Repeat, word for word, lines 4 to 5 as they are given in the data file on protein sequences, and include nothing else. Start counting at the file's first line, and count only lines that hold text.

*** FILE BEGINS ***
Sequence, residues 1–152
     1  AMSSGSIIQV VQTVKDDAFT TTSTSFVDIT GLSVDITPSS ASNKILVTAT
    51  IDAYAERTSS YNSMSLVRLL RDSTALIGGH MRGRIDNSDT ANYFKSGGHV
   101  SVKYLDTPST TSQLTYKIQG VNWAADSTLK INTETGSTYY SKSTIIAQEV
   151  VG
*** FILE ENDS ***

   101  SVKYLDTPST TSQLTYKIQG VNWAADSTLK INTETGSTYY SKSTIIAQEV
   151  VG